The owners of the Up & Under Pub say they have been told by the City of Richmond staff that, after much debate, their popular parklet has to go.
"Despite our efforts to engage in constructive dialogue and find a mutually beneficial solution, the city has chosen to shut us down completely," owner Nathan Trivers wrote on social media last Thursday.
"They have refused to grant an extension of the encroachment permit and renew the parklet permit, and they are proceeding with their demand for the immediate removal of the parklet, Trivers said. "At this time, we are exploring all possible options to challenge the City's decision and fight for the preservation of the parklet," Trivers said.
Daniel Butt, President of the Point Richmond Business Association, confirmed the parklet seems to be headed toward removal.
"It appears as though the city is planning to make a timeline to take down the parklet after indicating they would work with the pub at a meeting last month," Butt said. "The city isn't going to do what they said they would, which is to work with the pub,"
The parklet was originally constructed in 2020 and, according to city records, underwent a number of revisions in an attempt by the owners to meet the city's requirements. However, some neighbors in Point Richmond have been vocal in their opposition to the parklet, with many citing safety issues and the parklet's design as top concerns.
Trivers acknowledges he has a few critics. "There's about six people in this town that just hate the pub," he said.
Trivers also says he has spent a considerable amount of time talking with the city and trying to abate one issue after another in an attempt to comply with all the city's requirements for the parklet.
"This is the most proper, legal thing I've done. I did everything legally, talked to the city for six months, and spent a ton of money," Trivers said.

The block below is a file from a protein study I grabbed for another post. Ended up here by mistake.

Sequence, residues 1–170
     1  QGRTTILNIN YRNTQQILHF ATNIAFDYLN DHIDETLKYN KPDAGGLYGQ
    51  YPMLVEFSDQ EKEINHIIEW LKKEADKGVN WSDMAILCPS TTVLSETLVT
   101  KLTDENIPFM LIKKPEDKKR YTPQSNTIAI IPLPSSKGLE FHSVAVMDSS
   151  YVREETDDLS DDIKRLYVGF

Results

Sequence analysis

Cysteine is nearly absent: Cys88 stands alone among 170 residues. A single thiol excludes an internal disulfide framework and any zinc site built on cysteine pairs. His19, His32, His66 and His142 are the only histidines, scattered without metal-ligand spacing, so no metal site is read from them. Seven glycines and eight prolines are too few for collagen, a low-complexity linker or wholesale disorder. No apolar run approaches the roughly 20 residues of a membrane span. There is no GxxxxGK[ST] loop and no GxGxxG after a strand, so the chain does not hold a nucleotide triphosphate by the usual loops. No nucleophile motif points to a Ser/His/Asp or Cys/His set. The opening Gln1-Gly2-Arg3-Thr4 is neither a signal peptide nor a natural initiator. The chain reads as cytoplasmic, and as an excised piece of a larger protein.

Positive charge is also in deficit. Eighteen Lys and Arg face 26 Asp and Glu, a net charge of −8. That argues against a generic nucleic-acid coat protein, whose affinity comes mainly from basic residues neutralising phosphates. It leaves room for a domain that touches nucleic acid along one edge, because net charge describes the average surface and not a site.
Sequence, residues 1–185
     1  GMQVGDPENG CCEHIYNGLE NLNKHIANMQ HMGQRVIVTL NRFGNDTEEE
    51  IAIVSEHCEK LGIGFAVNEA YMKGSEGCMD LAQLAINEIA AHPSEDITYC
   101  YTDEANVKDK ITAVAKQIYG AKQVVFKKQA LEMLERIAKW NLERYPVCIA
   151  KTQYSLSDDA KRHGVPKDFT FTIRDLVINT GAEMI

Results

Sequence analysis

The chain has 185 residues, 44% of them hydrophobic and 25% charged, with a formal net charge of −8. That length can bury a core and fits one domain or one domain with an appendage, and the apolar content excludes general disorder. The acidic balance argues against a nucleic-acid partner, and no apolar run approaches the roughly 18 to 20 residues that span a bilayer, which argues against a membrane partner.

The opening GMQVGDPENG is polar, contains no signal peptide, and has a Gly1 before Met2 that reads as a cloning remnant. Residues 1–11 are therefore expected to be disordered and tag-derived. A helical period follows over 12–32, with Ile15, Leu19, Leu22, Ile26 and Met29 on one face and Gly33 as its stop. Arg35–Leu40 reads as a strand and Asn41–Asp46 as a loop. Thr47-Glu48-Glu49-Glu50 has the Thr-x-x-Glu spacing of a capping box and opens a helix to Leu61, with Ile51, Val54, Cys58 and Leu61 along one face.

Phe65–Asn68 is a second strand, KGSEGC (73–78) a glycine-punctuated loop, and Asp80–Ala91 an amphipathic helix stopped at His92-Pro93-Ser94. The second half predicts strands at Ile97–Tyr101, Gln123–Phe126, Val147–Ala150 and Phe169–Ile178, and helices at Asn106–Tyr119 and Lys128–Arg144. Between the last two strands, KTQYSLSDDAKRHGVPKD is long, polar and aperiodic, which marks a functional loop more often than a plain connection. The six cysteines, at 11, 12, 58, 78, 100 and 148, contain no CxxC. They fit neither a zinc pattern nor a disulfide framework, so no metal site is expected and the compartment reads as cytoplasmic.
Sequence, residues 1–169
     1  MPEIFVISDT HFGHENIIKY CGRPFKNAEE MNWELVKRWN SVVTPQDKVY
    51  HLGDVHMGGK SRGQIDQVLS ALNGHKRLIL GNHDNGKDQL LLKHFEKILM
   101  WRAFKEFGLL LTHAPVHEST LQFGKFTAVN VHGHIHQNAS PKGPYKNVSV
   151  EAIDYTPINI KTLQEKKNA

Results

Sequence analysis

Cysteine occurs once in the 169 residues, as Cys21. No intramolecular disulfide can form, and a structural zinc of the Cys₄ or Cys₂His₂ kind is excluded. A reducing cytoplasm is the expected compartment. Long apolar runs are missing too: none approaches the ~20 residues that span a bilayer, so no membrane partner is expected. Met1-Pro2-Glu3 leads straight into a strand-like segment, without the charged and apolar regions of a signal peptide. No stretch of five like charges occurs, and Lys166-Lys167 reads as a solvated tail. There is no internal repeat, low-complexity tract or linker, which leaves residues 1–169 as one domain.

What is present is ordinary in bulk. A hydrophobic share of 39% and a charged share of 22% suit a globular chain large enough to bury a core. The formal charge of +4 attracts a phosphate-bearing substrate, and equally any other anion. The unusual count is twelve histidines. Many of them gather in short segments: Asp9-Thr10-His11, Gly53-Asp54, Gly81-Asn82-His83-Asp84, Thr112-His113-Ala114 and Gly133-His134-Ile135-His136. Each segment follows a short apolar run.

Trivers also said the parklet was his restaurant's lifeline during the Covid pandemic.
"It was the only place we could serve people," Trivers said.
Former City of Richmond Associate Planner Kieron Slaughter said the parklet was originally slated to become Richmond's first parklet back in 2020.
"Up & Under was approved to be Richmond's first parklet," Slaughter confirmed.
Slaughter worked with city staff and others to develop Richmond's burgeoning parklet program a few years back.
City records illustrate a complex permitting process where the city has required the owner to undergo a number of changes to the parklet, including relocating it around the corner to West Richmond Avenue from the original Railroad Avenue location the city suggested.
There also appears to be a lack of agreement when it comes to whether a parklet permit or an encroachment permit, or both are required to make the structure legal. City communications show the use of both terms, sometimes interchangeably, in many discussions.
One of the permits and its accompanying inspection text notes that at the time, the city had no specific ordinance for parklets, nor was there any guide of regulations to follow time, causing Richmond to follow the lead of other cities that already had permitted parklets. The issue is made more complex by the presence of Covid and temporary rules allowing for additional outdoor dining it created.
Also complicating the process, according to Trivers, is the frequent turnover of city staff. "About 80 percent of them are new," he said.
Transportation Demand and Sustainability Manager for the City of Richmond, Denee Evans, addressed some of the issues the city had with the parklet at a Point Richmond Neighborhood Council meeting in September 2022.
Evans said she found out the permit for the parklet issued by former Public Works Director Yader Bermudez had expired but then heard Trivers wanted to submit a new application.